Preventing Postpartum Hemorrhage In Mali—Building On Success

Postpartum hemorrhage (PPH) is the leading cause of maternal deaths in developing countries such as Mali1. Through projects funded by USAID, IntraHealth and partners2 are working to prevent PPH—and save women’s lives—by increasing access to active management of the third stage of labor (AMTSL), a proven practice for reducing PPH. 3

Beginning in 2002, the IntraHealth-led PRIME II Project showed that AMTSL could be successful in Mali’s service delivery system: the number of PPH cases among women giving birth vaginally dropped by 48% in the facilities where AMTSL was introduced. Women who gave birth with AMTSL found the length of the third stage of labor reduced, interactions with health care providers enhanced and postpartum monitoring improved. Health care providers indicated that the practice not only helped them decrease hemorrhage and delivery time for their patients, but also alleviated their own anxieties about PPH during deliveries.

At first only doctors in Mali were authorized to administer AMTSL. Through PRIME II’s work, nurses and midwives became included in AMTSL training. By the end of the project 84 doctors, nurses and midwives had been trained in providing AMTSL and in training others to perform this technique. However, most Malian women don’t give birth under the care of doctors, nurses, or midwives, but with a cadre of skilled birth attendants called matrones that were not sanctioned by the government to provide AMTSL.

The Capacity Project is working with the Mali Ministry of Health, USAID’s Prevention of Postpartum Hemorrhage Initiative (POPPHI, led by the Program for Appropriate Technology in Health), the ATN Project (led by Abt), and Keneya Ciwara Project (led by CARE) on plans to expand AMTSL in other districts—Koulikoro, Sikasso and Gao—to demonstrate that they can be successfully trained and authorized to perform AMTSL. The project has supported the training of 57 matrones in AMTSL administration as well as 60 drug managers in proper storage for AMTSL medications. In the locations covered by these health care workers the percentage of women who received AMTSL during labor increased from 35% to 92% between December 2006 and January 2007. The Capacity Project is working with the Mali Ministry of Health, USAID’s Prevention of Postpartum Hemorrhage Intiative (POPPHI), and other international organizations on plans to expand AMTSL in other districts.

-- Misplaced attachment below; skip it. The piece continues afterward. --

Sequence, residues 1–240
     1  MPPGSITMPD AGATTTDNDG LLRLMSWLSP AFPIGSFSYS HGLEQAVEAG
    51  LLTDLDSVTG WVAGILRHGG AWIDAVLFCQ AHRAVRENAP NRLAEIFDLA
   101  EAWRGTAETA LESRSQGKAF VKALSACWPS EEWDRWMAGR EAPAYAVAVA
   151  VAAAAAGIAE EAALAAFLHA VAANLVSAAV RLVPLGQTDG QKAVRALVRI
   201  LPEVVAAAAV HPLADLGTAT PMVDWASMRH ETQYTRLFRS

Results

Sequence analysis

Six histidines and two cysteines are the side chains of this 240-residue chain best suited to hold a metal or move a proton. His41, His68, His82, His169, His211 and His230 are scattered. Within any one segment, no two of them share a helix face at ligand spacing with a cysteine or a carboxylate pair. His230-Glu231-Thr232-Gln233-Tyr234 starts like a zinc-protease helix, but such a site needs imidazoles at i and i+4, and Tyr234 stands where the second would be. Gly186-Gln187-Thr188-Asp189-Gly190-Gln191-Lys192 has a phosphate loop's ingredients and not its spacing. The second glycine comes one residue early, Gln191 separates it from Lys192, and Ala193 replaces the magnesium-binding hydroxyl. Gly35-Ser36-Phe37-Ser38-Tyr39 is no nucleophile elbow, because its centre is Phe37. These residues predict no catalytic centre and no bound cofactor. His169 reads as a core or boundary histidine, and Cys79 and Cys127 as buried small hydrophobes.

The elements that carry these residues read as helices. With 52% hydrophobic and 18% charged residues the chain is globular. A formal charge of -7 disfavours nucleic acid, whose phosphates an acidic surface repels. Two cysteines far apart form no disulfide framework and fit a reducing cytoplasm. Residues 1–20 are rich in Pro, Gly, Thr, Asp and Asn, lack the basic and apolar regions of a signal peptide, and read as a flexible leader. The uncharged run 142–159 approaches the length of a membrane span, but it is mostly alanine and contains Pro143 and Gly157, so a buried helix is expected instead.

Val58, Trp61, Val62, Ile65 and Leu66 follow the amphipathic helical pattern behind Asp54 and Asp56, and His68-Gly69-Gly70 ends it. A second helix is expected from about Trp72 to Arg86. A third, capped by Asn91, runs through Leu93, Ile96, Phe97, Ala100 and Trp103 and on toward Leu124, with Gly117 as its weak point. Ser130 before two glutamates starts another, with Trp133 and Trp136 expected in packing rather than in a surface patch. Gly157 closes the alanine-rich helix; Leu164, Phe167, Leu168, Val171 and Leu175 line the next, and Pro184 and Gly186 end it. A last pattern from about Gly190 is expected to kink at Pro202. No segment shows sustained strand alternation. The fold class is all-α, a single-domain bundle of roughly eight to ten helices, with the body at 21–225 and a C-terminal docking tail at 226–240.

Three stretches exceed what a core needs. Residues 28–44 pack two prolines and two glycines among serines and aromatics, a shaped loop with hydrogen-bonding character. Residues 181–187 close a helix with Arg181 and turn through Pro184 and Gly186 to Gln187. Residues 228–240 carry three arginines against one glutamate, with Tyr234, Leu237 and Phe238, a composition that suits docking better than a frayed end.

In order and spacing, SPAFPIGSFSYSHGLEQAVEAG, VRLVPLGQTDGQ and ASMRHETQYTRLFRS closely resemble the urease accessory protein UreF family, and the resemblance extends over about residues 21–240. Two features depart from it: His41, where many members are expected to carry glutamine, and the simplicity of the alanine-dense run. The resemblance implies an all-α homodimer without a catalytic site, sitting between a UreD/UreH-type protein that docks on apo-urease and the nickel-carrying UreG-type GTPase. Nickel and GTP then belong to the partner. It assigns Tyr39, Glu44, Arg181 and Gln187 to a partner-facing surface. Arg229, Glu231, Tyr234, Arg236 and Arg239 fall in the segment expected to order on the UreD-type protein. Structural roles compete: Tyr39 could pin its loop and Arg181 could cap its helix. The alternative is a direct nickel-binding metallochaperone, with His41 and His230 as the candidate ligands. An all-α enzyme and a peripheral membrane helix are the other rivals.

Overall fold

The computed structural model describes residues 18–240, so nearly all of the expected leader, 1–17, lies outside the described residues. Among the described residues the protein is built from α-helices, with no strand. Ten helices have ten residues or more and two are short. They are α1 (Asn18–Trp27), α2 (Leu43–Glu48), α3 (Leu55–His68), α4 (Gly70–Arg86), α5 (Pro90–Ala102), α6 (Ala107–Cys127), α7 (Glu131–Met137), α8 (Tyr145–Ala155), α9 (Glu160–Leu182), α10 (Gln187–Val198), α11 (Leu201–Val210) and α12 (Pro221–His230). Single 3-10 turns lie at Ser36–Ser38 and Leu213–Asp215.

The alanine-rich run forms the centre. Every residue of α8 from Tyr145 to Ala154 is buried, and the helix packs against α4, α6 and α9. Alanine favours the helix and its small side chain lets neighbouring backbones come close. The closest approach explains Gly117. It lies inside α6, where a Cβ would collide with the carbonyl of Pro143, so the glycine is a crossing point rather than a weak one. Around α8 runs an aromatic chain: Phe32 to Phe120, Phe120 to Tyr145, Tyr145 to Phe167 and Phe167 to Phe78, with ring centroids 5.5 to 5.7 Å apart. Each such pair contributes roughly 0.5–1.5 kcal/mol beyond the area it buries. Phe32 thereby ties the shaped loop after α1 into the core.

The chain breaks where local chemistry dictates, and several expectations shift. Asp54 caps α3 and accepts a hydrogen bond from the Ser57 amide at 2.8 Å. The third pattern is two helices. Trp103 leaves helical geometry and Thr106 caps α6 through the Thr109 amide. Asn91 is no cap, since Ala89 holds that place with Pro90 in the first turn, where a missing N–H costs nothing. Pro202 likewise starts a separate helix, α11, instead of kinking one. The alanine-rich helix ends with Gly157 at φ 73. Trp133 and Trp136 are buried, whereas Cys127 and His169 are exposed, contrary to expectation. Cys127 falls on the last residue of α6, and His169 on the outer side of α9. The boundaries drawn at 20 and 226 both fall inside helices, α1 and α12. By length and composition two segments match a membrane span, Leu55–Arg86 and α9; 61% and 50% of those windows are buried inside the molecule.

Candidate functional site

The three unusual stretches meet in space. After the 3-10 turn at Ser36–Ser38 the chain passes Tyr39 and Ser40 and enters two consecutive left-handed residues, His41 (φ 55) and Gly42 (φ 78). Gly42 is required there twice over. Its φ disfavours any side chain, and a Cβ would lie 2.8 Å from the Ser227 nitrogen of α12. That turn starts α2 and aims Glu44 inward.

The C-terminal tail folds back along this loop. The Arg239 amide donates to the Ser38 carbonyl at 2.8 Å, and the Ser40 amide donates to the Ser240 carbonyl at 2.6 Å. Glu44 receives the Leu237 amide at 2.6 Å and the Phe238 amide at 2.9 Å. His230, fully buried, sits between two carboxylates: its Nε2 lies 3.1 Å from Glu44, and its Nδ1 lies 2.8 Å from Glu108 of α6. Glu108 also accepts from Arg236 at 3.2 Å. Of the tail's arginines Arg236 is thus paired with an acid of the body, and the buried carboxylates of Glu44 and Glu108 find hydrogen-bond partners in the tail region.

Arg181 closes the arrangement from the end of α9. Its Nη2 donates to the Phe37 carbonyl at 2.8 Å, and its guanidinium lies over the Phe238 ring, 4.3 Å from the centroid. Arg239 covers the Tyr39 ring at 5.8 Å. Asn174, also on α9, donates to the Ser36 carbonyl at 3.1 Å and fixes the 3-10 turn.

Through PRIME II, IntraHealth also supported the introduction of AMTSL in Benin and Ethiopia, with reductions in PPH similar to those in Mali. In addition, IntraHealth currently promotes AMTSL in Senegal, through our Maternal, Neonatal, and Child Health/Family Planning/Malaria Project.

1Khan Khalid S, Wojdyla Daniel, Say Lale, Gülmezoglu A Metin, and Van Look Paul FA, WHO analysis of causes of maternal death: a systematic review, The Lancet, 367, no. 9516, (April 2006): 1066-1074. 

2IntraHealth’s PRIME II partners were: Abt Associates, EngenderHealth, the Program for Appropriate Technology in Health (PATH), the Training Resource Group (TRG), the American College of Nurse Midwives (ACNM) and Save the Children. In Mali the Capacity Project partners with Liverpool Associates in Tropical Health. IntraHealth also works with Assistance Technique Nationale (led by Abt Associates) and Keneya Ciwara (led by CARE).
3Further information about AMTSL: The third stage of labor is the period between the birth of the infant and the delivery of the placenta. Active management of this period involves a combination of drugs and physical aid to deliver the placenta. By shortening the time between childbirth and placental delivery, AMTSL reduces the mother’s blood loss. When excessive bleeding does occur it can be quickly identified and treated.